All posts tagged: academia

How I Pack for Summer Academic Conferences

Friends have asked me for this for years, so here goes: a post on how I pack light for summer academic conferences! Note: this is not the post where I defend fashion within professional academic contexts as a feminist issue, though I have lots of thoughts on said topic. I leave for the 2018 AFHVS/ASFS Conference tomorrow (yay!), so here I present my three outfits for attending sessions and four outfits for casual receptions and sightseeing—though there are many more combos to be had here! Beyond these separates, I packed pajamas, a top and bottom for working out, underthings, makeup, and toiletries—all in my fav weekender bag, with space leftover to bring a few new books home! A few tips: I have good luck with A-line or tube-shaped skirts in stretchy fabrics. They pack tiny, don’t wrinkle, mix and match a million ways, and keep your legs out and cool, if your conference is somewhere toasty. Wear a cardigan/sweater and a scarf/wrap on the plane, so you’ve got layers if you need them during the …

Publishing in Food Studies Journals: An Index

Food studies is an ever-expanding field with an increasing number of discipline specific and related peer-reviewed journals. As you seek out the right “home” for your food studies scholarship, consider this list of peer-reviewed publications, organized alphabetically. Please note that this list was originally compiled in June 2016. I endeavor to keep it up-to-date, adding journals as folks alert me to them, but if you find something amiss, please feel free to comment or send me a note!  Agriculture and Food Security is an open-access journal that addresses global food security with a particular focus on research that may inform more sustainable agriculture and food systems that better address local, regional, national and/or global food and nutritional insecurity. The journal considers contributions across academic disciplines, including agricultural, ecological, environmental, nutritional, and socio-economic sciences, public health, and policy. Agriculture and Human Values is the journal of the Agriculture, Food, and Human Values Society. The journal publishes interdisciplinary research that critically examines the values, relationships, conflicts, and contradictions within contemporary agricultural and food systems. It also addresses the impact of agricultural and food related …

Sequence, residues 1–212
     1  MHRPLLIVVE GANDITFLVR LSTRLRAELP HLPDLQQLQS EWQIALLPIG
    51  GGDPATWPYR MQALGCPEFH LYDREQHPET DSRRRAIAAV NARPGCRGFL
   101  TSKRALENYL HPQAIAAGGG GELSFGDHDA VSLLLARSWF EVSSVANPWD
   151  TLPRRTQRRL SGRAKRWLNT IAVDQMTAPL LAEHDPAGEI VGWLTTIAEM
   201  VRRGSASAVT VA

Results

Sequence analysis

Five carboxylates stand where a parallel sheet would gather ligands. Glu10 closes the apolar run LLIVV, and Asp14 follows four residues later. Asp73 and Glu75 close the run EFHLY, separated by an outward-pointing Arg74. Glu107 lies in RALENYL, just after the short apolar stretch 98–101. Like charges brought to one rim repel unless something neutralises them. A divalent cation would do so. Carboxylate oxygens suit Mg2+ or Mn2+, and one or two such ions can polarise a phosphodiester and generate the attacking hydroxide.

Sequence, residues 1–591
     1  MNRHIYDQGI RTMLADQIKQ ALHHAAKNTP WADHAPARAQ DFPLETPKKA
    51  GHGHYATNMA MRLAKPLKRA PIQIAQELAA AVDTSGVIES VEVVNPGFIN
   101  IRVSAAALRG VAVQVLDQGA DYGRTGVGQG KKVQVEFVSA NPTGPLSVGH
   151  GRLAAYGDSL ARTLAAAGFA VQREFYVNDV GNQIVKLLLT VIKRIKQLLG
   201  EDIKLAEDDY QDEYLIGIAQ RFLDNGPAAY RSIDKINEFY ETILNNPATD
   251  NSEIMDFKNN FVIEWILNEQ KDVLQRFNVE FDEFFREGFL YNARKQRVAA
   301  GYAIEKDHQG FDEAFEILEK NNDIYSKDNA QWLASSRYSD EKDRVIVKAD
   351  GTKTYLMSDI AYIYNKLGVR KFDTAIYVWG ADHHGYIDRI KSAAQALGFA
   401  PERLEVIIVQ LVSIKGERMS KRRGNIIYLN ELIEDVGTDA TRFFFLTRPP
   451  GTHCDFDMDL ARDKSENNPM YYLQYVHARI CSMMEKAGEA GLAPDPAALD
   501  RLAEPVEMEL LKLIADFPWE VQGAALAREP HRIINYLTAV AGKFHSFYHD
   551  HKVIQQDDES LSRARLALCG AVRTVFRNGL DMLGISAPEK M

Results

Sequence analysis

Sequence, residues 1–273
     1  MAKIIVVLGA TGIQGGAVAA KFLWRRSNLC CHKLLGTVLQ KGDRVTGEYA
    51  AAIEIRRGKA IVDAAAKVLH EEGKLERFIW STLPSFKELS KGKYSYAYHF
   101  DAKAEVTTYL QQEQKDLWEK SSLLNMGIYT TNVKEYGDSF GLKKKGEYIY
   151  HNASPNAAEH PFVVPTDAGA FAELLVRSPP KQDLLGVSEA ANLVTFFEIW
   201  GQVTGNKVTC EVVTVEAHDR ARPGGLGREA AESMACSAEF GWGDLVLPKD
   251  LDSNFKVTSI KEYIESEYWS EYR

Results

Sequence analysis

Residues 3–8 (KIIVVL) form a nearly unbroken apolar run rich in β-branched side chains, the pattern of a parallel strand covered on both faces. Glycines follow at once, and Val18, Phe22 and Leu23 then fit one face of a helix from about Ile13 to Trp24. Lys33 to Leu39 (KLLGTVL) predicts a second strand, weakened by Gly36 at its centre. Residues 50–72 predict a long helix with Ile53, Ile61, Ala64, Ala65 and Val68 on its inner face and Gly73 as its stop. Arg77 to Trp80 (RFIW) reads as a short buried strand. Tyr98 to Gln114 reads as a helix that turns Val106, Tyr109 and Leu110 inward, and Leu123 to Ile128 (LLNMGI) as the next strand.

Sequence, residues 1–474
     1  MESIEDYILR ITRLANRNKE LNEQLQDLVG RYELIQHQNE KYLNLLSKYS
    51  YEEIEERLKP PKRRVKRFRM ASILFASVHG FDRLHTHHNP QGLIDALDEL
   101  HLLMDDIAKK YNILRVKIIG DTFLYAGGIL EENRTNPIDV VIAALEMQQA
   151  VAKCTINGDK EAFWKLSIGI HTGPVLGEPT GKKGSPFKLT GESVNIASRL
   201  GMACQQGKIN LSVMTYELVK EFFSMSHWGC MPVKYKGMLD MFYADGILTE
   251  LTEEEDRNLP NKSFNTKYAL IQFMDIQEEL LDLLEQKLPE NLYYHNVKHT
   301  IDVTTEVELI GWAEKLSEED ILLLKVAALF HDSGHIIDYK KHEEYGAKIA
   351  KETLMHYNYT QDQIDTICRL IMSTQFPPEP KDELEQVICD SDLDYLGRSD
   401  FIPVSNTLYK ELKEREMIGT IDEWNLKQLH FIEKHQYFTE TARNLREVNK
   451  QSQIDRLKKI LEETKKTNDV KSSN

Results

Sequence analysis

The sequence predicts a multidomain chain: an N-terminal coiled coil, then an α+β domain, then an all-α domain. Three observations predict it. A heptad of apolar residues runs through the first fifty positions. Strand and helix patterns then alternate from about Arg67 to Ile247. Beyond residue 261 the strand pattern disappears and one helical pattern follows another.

Presenting My Students’ Final Project in Food + Gender

I’m thrilled to share my students’ final project, an e-journal that culminates our course, “Food and Gender in U.S. Popular Culture,” at Brown University. In this seminar-style course, twenty students (mostly in their first and second years of study) completed four main writing assignments — a cookbook analysis (which I blogged about here), a mini media exhibit, an interview profile, and a restaurant review — all of which engaged the themes of food and gender. For the final project, students worked to revise one of these assignments for inclusion in the class e-journal. We invite you to start with the About page to learn more about the class and our writing. As you will read, these writing assignments expect (and deliver!) clear and sophisticated argument, as well as what we called “compulsively readable” prose. Course readings included not only academic food studies texts, but also a full serving of food writing, providing a taste of different styles and formats. Throughout the semester, we aimed to craft not only compelling thesis statements, but also at least one “aspirational sentence” …

Announcing the Graduate Journal of Food Studies 2.1